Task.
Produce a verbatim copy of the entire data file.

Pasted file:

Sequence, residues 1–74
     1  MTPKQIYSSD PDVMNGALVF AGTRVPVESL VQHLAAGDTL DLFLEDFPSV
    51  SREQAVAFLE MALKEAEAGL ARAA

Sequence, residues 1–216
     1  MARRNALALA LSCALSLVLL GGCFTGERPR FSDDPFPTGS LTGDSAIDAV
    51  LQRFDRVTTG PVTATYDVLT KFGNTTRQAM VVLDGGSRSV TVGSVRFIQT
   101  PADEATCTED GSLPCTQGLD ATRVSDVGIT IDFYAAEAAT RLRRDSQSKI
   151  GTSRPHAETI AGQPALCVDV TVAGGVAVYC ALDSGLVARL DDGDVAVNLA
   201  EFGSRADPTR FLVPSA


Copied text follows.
Sequence, residues 1–74
     1  MTPKQIYSSD PDVMNGALVF AGTRVPVESL VQHLAAGDTL DLFLEDFPSV
    51  SREQAVAFLE MALKEAEAGL ARAA

Sequence, residues 1–216
     1  MARRNALALA LSCALSLVLL GGCFTGERPR FSDDPFPTGS LTGDSAIDAV
    51  LQRFDRVTTG PVTATYDVLT KFGNTTRQAM VVLDGGSRSV TVGSVRFIQT
   101  PADEATCTED GSLPCTQGLD ATRVSDVGIT IDFYAAEAAT RLRRDSQSKI
   151  GTSRPHAETI AGQPALCVDV TVAGGVAVYC ALDSGLVARL DDGDVAVNLA
   201  EFGSRADPTR FLVPSA